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Consumer class action alleges NextEra Energy’s wind turbines near residential communities are a ‘nuisance’  

Credit:  By Corrado Rizzi | March 4, 2019 | www.classaction.org ~~

NextEra Energy is on the receiving end of a proposed class action lawsuit in which a Nebraska homeowner alleges the electricity provider’s wind turbines placed near residential communities are a “nuisance” and effectively deprive homeowners of the use and enjoyment of their property.

The defendant’s wind farms, the suit explains, generally consist of dozens of turbines that stretch for miles across acres of open land. The plaintiff argues that while wind farms supply renewable energy, they can pose a number of hazards when built too close to homes or residential communities. Specifically, the complaint says light passing through a turbine’s spinning blades creates a “shadow flicker” with an effect similar to that of a constant strobe light. Those sensitive to strobing lights, the suit says, often complain of “severe headaches, nausea, difficulty concentrating, and in some cases seizures.”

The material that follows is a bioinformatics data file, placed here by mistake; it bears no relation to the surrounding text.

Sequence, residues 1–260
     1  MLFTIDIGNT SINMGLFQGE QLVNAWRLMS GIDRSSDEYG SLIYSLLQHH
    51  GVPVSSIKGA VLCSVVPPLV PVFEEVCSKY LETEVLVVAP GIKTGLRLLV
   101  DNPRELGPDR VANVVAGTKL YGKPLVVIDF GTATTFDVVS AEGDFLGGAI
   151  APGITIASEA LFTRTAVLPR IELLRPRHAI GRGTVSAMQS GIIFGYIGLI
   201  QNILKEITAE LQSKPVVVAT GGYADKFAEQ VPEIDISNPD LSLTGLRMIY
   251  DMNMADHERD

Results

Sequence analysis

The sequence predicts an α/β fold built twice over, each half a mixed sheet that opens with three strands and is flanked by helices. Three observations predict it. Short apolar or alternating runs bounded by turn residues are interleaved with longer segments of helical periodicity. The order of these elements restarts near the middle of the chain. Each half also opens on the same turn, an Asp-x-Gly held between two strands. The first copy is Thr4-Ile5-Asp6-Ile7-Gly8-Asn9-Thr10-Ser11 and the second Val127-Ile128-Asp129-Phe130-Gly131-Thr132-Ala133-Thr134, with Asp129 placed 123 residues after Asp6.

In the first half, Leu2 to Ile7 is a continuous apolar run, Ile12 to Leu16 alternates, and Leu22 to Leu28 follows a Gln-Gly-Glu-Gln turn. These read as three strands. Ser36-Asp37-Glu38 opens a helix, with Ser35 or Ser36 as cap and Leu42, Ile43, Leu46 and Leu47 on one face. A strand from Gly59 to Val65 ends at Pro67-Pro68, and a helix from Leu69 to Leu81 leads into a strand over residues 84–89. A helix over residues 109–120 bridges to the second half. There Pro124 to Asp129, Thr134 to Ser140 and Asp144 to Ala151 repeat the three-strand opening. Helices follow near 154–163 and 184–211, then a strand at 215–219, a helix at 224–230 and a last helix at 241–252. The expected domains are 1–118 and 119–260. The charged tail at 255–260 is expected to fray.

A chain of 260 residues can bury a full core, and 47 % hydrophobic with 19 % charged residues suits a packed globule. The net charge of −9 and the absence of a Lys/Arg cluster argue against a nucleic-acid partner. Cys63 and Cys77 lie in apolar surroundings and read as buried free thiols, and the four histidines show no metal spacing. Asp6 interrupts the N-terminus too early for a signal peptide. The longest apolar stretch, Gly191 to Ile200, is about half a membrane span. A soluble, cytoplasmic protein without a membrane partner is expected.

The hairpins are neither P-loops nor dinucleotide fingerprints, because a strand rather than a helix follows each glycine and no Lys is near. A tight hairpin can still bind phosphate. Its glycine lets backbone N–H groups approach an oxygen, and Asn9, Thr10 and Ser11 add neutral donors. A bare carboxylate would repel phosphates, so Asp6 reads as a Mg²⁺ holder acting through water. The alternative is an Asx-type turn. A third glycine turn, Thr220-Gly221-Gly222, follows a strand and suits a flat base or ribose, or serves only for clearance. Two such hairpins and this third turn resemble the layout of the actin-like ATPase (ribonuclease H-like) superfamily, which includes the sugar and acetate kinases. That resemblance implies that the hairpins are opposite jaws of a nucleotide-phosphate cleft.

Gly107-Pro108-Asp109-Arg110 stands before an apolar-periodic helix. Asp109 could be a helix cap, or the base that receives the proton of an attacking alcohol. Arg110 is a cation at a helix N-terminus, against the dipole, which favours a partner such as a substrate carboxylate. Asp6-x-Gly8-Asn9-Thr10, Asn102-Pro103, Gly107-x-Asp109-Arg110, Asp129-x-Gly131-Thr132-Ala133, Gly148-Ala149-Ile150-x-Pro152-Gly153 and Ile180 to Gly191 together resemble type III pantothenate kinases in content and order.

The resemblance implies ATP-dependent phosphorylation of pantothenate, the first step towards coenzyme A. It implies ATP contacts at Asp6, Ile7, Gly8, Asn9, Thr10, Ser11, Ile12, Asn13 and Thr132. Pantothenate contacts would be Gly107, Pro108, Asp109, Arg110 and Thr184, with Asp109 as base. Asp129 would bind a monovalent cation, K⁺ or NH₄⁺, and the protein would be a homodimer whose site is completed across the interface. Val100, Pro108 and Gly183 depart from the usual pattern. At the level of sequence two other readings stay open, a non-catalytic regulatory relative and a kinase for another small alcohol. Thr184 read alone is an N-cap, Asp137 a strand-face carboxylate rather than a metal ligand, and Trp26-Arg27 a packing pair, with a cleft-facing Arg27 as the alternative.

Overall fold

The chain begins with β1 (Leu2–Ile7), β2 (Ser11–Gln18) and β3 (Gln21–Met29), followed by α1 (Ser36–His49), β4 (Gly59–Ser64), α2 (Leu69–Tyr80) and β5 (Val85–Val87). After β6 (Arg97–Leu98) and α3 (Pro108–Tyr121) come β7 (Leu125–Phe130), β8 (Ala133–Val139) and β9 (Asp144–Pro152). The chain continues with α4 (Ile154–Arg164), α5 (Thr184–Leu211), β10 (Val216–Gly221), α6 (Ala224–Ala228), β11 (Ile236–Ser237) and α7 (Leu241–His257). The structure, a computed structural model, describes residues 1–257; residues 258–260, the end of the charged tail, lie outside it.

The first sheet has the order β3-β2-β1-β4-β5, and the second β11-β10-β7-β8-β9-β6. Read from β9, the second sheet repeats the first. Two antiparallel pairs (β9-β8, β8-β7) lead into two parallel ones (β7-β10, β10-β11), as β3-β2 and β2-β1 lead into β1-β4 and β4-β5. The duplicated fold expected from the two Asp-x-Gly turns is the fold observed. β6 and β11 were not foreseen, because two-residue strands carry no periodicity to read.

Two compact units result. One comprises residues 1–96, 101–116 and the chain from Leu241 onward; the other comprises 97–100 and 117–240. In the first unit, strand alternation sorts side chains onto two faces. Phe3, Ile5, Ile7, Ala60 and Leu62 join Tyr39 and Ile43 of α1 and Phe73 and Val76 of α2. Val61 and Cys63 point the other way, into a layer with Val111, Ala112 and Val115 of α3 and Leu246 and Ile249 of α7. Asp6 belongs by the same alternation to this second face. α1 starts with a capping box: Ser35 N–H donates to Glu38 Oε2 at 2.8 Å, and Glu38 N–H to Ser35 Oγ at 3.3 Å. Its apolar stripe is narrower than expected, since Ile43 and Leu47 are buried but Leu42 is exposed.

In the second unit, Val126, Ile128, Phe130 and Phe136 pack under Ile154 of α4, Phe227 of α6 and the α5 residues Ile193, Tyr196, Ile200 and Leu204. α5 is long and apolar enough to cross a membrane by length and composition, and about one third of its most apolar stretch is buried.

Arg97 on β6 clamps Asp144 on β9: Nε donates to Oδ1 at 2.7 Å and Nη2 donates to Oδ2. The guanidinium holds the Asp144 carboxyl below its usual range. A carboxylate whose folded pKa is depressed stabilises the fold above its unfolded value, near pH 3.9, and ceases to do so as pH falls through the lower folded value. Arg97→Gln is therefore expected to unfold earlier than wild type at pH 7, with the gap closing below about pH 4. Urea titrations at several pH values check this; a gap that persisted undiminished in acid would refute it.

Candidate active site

Turbines can also be quite noisy, the suit continues, as the blades apparently create “a deep thumping noise” similar to that of a helicopter.

“This constant sound can travel for miles depending on weather conditions,” the suit says, “and results in a decreased quality of life for those within a certain radius of the wind turbines due to stress, loss of sleep, and anxiety.”

The plaintiff argues that despite NextEra’s insistence that the locations it chooses for its wind farms are optimal for the generation of wind energy, their proximity to residential areas can be devastating across the board. The suit states that general annoyance and adverse health effects notwithstanding, it can be difficult for those living near wind farms to sell their homes due to their proximity.

Kohmetscher v. Nextera Energy, Inc.

Source:  By Corrado Rizzi | March 4, 2019 | www.classaction.org

This article is the work of the source indicated. Any opinions expressed in it are not necessarily those of National Wind Watch.

The copyright of this article resides with the author or publisher indicated. As part of its noncommercial effort to present the environmental, social, scientific, and economic issues of large-scale wind power development to a global audience seeking such information, National Wind Watch endeavors to observe “fair use” as provided for in section 107 of U.S. Copyright Law and similar “fair dealing” provisions of the copyright laws of other nations. Send requests to excerpt, general inquiries, and comments via e-mail.

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